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Harvard Art Museums Present Exhibition of Jasper Johns’s “Crosshatch” Works of the 1970s

Cambridge, MA ,

Student/museum collaboration examines Johns’s experiments in printmaking and innovative use of newsprint collage

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Updated April 20, 2012

The Harvard Art Museums present Jasper Johns / In Press: The Crosshatch Works and the Logic of Print, an exhibition that centers on the artist’s signature “crosshatch” works in the Harvard Art Museums collections and explores the impact of print on his oeuvre. The exhibition is the first that examines “print” and “the press” with reference not only to Johns’s experiments in printmaking, but also to print as a medium of information transfer, tracing his frequent use of newsprint and its temporal, political, and formal implications. Over twenty works are on display, including prints, drawings, and one painting by Johns. Also featured is comparative material exploring Johns’s relationship to the history of printing. Jasper Johns / In Press is on display May 22–August 18, 2012 at the Harvard Art Museums/Arthur M. Sackler Museum, 485 Broadway, Cambridge, MA.

This exhibition, which began as a spring 2011 undergraduate course in Harvard’s History of Art and Architecture Department, was curated by Jennifer L. Roberts, Professor of History of Art and Architecture, Harvard University; with assistance from Jennifer Quick, PhD candidate, Department of History of Art and Architecture, Harvard University, and Agnes Mongan Curatorial Intern, Harvard Art Museums; Susan Dackerman, Director of Academic Programs and Carl A. Weyerhaeuser Curator of Prints, Harvard Art Museums; and four Harvard College undergraduates: Jacob Cedarbaum, C. Andrew Krantz, Mary Potter, and Phillip Y. Zhang. The goal of the course was to create an exhibition that examined Jasper Johns’s encaustic-and-collage painting The Dutch Wives (1975) and its relationship to other works in the Art Museums collections. The students developed the theme for the exhibition, chose the artworks to be included, and wrote essays for a complementary digital publication. Working with Roberts, Jennifer Quick produced the texts that serve as entries in the printed exhibition catalogue. The result of this curricular and collaborative venture is a groundbreaking exhibition that examines Johns’s overall artistic practice and reads it through his interest in and exploitation of different printmaking techniques and their metaphorical and material implications.

The exhibition includes key loans from Jasper Johns (The Dutch Wives, 1975), Jean Christophe Castelli (Cicada, 1979; Gray Alphabets, 1960, Painting with Two Balls I, 1962; and Usuyuki, 1981), and Harvard’s Houghton Library (Hatching [front endpaper], from Foirades/Fizzles by Johns and Samuel Beckett, 1976), along with prints by Johns from the Harvard Art Museums collections. The lithograph Corpse and Mirror (1976) was acquired by the Art Museums especially for the exhibition. Works on paper by Albrecht Dürer, Sol LeWitt, Pablo Picasso, and Frank Stella, as well as examples of ancient cylinder seals, complement the display and show other aspects of printmaking.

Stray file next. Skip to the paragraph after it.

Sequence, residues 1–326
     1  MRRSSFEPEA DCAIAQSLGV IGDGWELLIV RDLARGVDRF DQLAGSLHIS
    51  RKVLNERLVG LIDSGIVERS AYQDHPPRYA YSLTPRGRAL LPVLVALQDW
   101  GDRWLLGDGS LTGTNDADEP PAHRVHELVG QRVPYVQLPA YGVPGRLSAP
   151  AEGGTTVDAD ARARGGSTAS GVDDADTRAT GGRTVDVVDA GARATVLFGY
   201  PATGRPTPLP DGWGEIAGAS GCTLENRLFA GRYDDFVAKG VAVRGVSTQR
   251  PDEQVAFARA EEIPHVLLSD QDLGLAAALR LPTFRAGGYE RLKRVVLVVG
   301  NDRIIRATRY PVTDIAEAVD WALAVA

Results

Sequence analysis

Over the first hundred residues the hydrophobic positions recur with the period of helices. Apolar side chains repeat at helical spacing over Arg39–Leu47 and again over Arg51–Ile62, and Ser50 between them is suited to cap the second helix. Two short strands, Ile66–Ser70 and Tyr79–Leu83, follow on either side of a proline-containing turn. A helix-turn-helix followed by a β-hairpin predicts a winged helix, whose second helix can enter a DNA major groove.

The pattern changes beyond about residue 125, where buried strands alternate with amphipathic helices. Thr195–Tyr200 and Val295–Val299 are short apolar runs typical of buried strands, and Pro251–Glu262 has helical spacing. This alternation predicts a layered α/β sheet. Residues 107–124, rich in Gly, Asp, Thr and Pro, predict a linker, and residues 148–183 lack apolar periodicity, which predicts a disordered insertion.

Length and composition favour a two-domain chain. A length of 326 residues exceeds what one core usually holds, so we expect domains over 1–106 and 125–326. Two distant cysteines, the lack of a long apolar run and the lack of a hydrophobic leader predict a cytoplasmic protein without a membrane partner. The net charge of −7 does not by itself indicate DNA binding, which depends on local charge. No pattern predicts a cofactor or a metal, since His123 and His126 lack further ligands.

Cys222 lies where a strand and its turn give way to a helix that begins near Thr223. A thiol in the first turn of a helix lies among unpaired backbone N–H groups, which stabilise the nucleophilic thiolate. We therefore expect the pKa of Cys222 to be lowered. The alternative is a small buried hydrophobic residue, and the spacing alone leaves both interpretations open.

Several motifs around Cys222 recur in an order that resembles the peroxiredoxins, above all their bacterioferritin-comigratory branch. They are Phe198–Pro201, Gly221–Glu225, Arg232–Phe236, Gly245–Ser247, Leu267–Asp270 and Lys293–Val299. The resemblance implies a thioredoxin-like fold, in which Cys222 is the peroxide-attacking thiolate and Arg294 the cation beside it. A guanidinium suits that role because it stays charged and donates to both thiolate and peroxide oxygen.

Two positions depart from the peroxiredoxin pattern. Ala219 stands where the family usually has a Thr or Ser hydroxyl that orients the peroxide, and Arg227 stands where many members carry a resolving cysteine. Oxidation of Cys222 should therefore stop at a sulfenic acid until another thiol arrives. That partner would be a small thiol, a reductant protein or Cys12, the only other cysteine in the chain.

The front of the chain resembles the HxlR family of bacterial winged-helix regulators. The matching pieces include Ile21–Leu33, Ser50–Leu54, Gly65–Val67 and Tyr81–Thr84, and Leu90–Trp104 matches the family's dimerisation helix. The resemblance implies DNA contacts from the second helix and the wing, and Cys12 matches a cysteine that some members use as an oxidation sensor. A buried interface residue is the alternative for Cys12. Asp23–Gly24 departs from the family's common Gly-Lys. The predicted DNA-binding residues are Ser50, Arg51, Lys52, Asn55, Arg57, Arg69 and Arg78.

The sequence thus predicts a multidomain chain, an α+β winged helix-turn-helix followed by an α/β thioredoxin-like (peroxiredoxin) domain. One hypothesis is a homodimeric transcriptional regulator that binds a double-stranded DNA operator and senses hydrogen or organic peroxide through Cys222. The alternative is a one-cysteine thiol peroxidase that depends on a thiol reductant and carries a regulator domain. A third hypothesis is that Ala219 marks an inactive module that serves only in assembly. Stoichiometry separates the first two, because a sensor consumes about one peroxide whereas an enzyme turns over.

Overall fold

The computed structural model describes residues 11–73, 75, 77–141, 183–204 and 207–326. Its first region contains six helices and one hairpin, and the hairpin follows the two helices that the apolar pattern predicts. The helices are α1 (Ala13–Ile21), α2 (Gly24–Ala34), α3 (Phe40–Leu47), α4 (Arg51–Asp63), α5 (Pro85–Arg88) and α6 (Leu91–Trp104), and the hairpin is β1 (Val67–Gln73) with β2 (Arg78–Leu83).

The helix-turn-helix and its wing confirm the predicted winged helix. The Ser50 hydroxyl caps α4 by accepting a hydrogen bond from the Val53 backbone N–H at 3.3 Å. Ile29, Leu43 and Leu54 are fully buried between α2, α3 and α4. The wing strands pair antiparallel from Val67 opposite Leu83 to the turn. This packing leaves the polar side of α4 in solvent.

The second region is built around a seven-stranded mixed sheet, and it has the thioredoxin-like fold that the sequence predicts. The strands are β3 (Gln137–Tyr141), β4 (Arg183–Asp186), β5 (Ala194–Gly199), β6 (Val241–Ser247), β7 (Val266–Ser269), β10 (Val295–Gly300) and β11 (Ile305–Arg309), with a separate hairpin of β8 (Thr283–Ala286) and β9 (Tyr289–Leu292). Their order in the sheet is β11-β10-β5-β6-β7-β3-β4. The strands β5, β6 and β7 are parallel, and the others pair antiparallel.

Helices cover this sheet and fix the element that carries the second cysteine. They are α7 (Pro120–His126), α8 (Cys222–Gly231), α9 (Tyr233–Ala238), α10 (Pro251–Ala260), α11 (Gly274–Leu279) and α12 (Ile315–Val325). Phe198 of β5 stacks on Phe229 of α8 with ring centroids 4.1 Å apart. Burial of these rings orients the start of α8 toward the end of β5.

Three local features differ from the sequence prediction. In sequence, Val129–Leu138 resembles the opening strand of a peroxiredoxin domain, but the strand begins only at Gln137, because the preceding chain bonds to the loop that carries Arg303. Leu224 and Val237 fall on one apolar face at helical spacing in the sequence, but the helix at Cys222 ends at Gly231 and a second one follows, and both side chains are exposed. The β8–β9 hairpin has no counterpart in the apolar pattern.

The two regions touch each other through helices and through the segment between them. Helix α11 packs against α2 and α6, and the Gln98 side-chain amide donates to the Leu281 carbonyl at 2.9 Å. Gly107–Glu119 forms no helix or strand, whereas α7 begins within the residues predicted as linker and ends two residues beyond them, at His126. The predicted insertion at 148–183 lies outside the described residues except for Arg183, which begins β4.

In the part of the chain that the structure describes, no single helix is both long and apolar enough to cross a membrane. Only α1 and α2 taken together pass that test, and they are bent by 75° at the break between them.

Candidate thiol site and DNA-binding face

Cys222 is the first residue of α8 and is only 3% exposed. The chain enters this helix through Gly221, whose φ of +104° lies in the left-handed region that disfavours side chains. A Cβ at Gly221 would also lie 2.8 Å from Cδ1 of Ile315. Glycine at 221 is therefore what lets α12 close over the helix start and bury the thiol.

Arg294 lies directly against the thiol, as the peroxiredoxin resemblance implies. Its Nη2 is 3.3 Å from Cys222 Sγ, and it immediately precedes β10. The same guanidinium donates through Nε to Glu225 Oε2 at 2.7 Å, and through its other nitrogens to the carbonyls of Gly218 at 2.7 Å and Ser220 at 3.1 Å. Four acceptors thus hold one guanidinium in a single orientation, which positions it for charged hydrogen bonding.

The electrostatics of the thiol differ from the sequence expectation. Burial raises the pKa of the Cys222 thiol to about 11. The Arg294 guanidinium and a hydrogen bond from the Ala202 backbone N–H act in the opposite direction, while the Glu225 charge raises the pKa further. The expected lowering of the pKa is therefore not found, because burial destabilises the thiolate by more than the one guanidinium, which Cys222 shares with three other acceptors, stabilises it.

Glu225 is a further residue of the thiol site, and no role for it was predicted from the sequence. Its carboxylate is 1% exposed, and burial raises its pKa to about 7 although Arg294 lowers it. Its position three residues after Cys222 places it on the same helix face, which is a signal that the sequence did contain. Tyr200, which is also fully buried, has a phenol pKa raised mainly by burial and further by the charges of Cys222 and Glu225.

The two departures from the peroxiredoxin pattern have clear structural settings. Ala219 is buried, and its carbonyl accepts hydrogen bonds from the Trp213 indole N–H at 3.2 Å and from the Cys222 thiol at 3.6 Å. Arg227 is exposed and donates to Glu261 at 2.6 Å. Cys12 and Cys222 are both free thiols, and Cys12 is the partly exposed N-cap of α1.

Two films by American artist Katrina Martin will also be shown in the gallery. Hanafuda/Jasper Johns (1978–81), 16 mm, color, 35 minutes, documents Johns at work on the screenprints Cicada and Usuyuki, both of which are on display in the exhibition. Silkscreens (1978), 16 mm, color, 20 minutes, shows printmakers working on The Dutch Wives (1977), a twenty-nine-screen print executed two years after the painting of the same name. An example of this print also hangs in the exhibition.

“Ultimately, we aim to provide the first sustained investigation of the centrality of print for Johns’s work in all media,” said Jennifer L. Roberts. “The logic of print informs Johns’s entire oeuvre—his paintings, sculpture, and drawings, in other words, are just as “printerly” as his prints. The broader impact of Johns’s work—its radical divergence from its mid-century antecedents and the new model of making and meaning that it installed for modern and contemporary art—derives largely from its engagement with print processes.”

This exhibition lays the groundwork for future curricular and collaborative efforts that will make use of the renovated and expanded Harvard Art Museums building, which will be a state-of-the-art facility for innovative teaching and learning. Key goals are to train students and emerging scholars in art history, visual thinking, curatorial practice, and conservation science. The Art Museums’ unique resources make such objectives possible: not only are their collections exceptional in quality and size, but the new facility also will have substantial gallery space dedicated to use by students and faculty. These galleries will present a forum in which to teach curatorial practice and exhibition-making, providing the chance for both undergraduates and graduate students to learn how to “spatialize” arguments using artworks and other objects.